Attitude is king. That's what I'm learning, or rather what I learn when I get passed or out performed. I see it in my swimmers, too. Lately it seems that the kings of sport have the attitude. Not an attitude. The attitude.
Champions don't really say a whole lot. They are inquisitive, curious, play-motivated, and not attached to the result on the outset, but very disturbed by the results on the outset of their effort. And let me be clear, I'm a lucky guy. I am surrounded by attitude. State champions, runners up, top notch coaches, top time trialists, hell, just people at the top! The people that I surround myself with tend to say things that can be summed up with these two examples:
Me: Find something to work on during this set.
Swimmer: I'm tryin' to bust my ass. That's what I'm working on.
Me: How are you gonna swim this?
Swimmer: I'm just gonna go for broke. Just see what happens.
Lebron was asked how he rededicated himself to come back and win the NBA finals. He just replied with- I got back to the basics. Lots of hard work-. Ryan Lochte's espn segment featured him dragging a massive 450lb chain three hundred some yards. Why? Just to figure out how to drag every last piece of energy out of him. "You get to a certain point in races...where you just start fatiguing...No matter what, there is always something left. You just gotta find it." "Once I beat someone, they don't beat me again."
Attitude seems two-fold. Preparation: establishing a standard of performance before you begin, and then follow-thru: deciding that no matter what, you know the pain is gonna be there, but you can sustain the effort, and endure the feeling. If you don't decide prior that you will continue despite the pain, when the pain thugs knock on your door, you lock yourself in the bathroom.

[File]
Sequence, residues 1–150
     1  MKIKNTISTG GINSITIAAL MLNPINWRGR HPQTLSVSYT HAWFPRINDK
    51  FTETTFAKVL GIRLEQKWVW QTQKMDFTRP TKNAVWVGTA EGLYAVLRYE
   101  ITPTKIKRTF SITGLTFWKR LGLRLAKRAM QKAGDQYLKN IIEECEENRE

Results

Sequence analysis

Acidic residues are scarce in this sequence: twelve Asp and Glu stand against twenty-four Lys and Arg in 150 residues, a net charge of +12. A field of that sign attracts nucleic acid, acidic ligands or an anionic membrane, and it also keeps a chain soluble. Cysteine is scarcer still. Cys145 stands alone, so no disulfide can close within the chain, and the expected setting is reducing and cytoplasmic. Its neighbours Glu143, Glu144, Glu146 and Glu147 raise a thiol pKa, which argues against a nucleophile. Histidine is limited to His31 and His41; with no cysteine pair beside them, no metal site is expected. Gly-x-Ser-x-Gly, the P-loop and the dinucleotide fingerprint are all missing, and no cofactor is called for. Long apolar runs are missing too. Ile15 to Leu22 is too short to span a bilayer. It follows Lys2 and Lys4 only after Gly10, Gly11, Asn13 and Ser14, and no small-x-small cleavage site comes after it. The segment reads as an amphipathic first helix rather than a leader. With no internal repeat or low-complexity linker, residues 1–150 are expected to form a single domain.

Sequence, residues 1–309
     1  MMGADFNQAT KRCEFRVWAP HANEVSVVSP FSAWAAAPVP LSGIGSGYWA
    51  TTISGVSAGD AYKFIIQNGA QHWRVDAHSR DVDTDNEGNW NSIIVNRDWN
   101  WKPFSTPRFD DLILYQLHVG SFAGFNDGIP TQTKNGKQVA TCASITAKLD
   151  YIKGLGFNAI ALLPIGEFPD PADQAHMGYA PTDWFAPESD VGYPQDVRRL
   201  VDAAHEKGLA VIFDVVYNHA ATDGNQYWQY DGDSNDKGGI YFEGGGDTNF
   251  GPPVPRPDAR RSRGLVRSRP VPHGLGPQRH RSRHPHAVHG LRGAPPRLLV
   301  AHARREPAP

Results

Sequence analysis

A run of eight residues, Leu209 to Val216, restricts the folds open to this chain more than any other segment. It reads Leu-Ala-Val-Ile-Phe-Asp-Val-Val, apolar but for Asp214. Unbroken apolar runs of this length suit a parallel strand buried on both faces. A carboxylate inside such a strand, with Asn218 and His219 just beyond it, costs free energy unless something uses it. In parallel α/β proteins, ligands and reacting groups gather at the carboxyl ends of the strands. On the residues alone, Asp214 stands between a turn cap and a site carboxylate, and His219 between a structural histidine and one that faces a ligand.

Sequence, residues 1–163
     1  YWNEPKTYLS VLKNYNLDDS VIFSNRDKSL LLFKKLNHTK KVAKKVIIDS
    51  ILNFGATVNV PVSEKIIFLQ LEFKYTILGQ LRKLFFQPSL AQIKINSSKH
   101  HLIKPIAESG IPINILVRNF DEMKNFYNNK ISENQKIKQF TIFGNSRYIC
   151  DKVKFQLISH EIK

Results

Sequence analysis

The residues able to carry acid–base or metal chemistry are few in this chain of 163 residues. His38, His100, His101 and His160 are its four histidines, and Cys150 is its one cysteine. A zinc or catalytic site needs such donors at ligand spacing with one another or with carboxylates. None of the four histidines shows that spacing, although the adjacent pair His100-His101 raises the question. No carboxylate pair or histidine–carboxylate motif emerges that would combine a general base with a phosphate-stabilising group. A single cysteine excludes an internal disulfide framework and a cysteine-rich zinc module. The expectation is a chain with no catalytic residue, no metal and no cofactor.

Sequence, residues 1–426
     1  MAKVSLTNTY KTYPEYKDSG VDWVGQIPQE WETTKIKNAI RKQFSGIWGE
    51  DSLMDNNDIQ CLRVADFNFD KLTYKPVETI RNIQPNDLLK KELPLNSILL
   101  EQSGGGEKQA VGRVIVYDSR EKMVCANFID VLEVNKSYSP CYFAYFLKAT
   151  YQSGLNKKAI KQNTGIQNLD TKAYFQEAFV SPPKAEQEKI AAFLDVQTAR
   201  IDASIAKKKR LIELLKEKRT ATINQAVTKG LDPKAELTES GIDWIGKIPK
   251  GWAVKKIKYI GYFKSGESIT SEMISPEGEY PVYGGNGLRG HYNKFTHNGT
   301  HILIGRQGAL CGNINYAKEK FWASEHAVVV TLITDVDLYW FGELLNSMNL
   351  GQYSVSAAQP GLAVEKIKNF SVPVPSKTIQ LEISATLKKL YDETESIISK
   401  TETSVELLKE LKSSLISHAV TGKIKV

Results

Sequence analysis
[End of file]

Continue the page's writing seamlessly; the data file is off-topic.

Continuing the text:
It has taken me a while to learn this, and I still don't have it down. Want to teach yourself? Put yourself in situations where if you don't perform, you'll feel embarrassed. Nothing like pressure, around those who care, to teach you that its ok to fail, but that you can also avoid failure and find success if you realize that you need to bring it no matter what.
The champions I know grind themselves at the right times, and if challenged, are poised to crush it. They are alert, but before the event they seem unaffected and relaxed. They have already prepared mentally and physically. No improvement bothers them and they don't make conditions for doing so. In the heat or when its cold, windy, certain time of day, training cycle, life cycle - they understand that someone will take them out if they let up.
Your definition of a champion might be different. But I think the great ones have the right attitude to when they don't perform, just to knuckle down and say, "look I didn't have it today - that wasn't good - time to get better."
I'm grateful for the inspirational people around me. Those who pursue challenges, official or self-created, will win in the end. They learn to play the game, the art of effort, and they do so just to see what can happen.